Image courtesy of Amazon Prime Video / MGM Studios

Fallout is a game series I’m intimately familiar with. Growing up, I watched my dad play Fallout: New Vegas, observing intently as he explored the nuclear wasteland. Since becoming old enough to play M-rated games, I’ve played Fallout 3, Fallout: New Vegas and Fallout 4 prodigiously, and I think it’s safe to say that New Vegas is among my favorite games of all time. When the new Amazon TV series Fallout was announced, I was thrilled by the prospect of one of my favorite games being adapted to the small screen, but not without wondering whether the TV adaptation would do it justice. Luckily, Fallout joins The Last of Us as a successful video game adaptation, intensely faithful to the look and feel of the games without being slavishly chained to their “canon.”

Fallout takes place 200 years in the future, after a nuclear apocalypse has ravaged the world. The privileged survived by hiding in “Vaults,” massive underground bunkers dedicated to preserving “traditional American values” so they can be taught to the rest of the wasteland when the time is right. Fallout sets itself apart from its post-apocalyptic contemporaries by taking a humorous, satirical approach that riffs on the aesthetics and attitudes of 1950s Americana, Cold War paranoia and ignorant consumerism. The Vault Dwellers clinging to old-school civility and rule of law makes for an entertaining juxtaposition with the violence of the wasteland. Protagonist Lucy (Ella Purnell) is a shining example of the unsuitability of the Vaults’ mission to the post-apocalyptic status quo. After a raider attack leaves her Vault ravaged and her father kidnapped, Lucy leaves to explore the wastes and search for her father. Her chipper attitude only gets her so far as she encounters murderous marauders and vile creatures. Her crisp blue and yellow jumpsuit doesn’t stay crisp for long.

There are other storylines at play. Coop is an ex-movie star who lived before the bombs dropped, persisting into the apocalypse as a hideous and long-lived mutant called a ghoul. Coop survives as a ruthless bounty hunter, and his search for high-value quarry puts him on a collision course with Lucy. Through Coop’s point of view, we get glimpses of what the world was like before the apocalypse and the changes that take place in one’s mind after witnessing so much horror. Also at play is Maximus, a low-ranking member of a faction called the Brotherhood of Steel. The BoS is a fanatical religious order obsessed with tracking down and either seizing or destroying pre-War technology. They have access to Power Armor, hulking exosuits iconic to fans of the game. When Maximus gets the opportunity to rise in the ranks, he takes it, and it turns out he’s searching for the same game as Coop.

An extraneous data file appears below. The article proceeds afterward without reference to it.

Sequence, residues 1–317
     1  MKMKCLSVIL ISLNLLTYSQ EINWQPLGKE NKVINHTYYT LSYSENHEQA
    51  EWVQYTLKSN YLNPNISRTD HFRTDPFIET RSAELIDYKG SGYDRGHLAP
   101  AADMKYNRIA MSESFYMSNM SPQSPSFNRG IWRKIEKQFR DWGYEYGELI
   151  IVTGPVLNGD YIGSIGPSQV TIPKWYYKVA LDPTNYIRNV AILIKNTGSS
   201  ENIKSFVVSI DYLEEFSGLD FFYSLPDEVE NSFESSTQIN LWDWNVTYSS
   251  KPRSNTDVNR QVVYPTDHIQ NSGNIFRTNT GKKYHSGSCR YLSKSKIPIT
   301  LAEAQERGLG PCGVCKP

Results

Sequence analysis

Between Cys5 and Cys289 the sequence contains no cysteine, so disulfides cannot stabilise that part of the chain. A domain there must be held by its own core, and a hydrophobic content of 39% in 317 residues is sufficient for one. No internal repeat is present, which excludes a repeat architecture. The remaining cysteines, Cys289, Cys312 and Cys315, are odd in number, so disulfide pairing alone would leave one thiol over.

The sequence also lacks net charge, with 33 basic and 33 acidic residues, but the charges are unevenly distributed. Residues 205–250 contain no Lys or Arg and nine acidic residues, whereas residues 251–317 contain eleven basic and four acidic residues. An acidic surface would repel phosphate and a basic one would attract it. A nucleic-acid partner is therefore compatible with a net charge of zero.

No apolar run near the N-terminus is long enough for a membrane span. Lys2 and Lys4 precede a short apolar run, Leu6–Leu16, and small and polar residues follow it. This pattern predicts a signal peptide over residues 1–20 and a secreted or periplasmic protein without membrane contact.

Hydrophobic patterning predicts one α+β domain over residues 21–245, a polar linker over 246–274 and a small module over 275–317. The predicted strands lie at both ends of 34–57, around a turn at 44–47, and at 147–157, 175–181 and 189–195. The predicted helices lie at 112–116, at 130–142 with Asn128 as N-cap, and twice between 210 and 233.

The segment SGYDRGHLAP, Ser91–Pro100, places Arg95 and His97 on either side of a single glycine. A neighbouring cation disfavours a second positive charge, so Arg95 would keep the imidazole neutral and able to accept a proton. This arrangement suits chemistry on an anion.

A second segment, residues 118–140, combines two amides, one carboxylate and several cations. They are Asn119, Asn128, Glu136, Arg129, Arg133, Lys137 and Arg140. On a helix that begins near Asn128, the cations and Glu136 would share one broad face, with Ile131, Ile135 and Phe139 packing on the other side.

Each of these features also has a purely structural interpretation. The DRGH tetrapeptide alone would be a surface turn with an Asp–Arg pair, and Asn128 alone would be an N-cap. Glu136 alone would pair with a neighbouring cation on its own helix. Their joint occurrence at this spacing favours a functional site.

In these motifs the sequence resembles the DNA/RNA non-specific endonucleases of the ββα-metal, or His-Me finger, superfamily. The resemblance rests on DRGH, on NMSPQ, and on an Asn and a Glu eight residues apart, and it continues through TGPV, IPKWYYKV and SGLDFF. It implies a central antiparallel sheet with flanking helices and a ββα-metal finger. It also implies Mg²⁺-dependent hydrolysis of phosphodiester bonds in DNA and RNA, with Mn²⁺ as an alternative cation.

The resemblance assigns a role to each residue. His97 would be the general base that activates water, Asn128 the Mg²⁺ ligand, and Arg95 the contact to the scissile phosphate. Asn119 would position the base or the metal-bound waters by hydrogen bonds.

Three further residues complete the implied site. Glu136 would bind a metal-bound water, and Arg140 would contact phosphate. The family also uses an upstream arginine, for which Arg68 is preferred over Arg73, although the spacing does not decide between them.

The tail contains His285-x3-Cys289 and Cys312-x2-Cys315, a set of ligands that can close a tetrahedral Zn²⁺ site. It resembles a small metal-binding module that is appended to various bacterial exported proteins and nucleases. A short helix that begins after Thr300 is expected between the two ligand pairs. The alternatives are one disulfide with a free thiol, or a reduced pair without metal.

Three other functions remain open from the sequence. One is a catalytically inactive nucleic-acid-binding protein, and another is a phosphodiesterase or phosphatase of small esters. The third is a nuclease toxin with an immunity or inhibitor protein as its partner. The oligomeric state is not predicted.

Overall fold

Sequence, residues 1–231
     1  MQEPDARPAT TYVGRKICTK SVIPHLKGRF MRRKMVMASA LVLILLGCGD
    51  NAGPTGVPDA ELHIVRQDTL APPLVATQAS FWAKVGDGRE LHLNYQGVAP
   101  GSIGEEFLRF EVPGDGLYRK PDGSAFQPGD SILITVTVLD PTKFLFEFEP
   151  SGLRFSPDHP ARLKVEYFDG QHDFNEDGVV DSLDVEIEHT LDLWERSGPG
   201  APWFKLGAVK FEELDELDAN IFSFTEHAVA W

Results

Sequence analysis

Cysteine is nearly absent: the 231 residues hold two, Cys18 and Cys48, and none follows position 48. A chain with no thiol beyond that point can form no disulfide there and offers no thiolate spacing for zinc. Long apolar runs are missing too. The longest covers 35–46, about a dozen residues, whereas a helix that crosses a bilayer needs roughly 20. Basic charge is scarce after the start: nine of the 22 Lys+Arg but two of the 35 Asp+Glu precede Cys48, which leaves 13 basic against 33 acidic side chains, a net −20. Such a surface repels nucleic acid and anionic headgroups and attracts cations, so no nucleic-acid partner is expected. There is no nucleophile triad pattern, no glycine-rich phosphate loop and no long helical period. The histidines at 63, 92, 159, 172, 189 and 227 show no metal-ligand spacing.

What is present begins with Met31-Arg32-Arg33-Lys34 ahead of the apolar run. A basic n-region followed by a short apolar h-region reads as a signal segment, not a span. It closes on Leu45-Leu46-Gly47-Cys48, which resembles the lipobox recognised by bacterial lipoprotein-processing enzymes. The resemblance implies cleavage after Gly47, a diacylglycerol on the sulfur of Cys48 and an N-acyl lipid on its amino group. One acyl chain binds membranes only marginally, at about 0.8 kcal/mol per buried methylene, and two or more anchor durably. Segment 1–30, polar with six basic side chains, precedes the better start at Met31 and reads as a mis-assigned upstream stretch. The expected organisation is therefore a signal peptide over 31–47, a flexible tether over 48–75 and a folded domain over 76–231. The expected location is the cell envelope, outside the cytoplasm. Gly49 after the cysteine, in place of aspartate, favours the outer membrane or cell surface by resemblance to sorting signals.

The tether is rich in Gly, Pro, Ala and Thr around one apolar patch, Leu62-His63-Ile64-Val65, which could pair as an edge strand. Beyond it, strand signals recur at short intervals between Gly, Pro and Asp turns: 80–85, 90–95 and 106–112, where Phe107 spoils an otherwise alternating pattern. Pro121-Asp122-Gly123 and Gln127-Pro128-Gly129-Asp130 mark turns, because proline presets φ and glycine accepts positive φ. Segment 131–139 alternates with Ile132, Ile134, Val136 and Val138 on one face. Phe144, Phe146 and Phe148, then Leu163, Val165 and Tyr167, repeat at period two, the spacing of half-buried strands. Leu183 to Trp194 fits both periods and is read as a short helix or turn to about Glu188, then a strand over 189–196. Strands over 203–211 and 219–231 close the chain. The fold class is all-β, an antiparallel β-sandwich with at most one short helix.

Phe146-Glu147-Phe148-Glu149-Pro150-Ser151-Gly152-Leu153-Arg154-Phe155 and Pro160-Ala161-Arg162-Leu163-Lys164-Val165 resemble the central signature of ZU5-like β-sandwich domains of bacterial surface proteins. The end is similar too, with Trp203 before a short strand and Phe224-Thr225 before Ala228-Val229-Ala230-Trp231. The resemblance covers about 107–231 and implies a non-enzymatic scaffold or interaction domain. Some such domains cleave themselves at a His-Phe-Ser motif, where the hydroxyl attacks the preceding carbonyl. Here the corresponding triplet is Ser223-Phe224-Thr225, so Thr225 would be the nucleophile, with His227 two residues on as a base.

The most striking element of the show to a fan of the games is just how accurate it is the source material. The show looks and sounds amazingly authentic, with props, locations and costumes looking like they’ve just come from the computer screen. Everything from weapons to motley assortment of extras that fill scenes in the wasteland towns feel like they belong, creating an immersive experience. The soundtrack, composed of 50s tunes, is ripped straight from the in-game radio. Even the over-the-top violence is accurate to the games. Fallout is not for viewers with weak stomachs – expect plenty of high-velocity cranial surgery and maiming. I wonder if the creators of the show were familiar with the perk “Bloody Mess” from the games, which increases the player’s damage and causes every kill to result in comical explosions of gore.

Three episodes in, the writing and character development is compelling. There’s a lot of worldbuilding going on, but the show also gives room to show how characters are adapting to their unique circumstances and the harsh environment. I’m especially interested in seeing how Lucy grows – will she remain a cheerful idealist or will she become just like any other surface dweller? The show is frequently hilarious, and darkly so. Fans of the games will recognize tried and true visual gags like “skeletons arranged in weird positions” and the ever-smiling “Vault Boy” logo.

Overall, both fans of the games and newcomers to the series will find enjoyment in Fallout. I’m itching for another replay of the games – maybe it’s time to reinstall Fallout: New Vegas … again.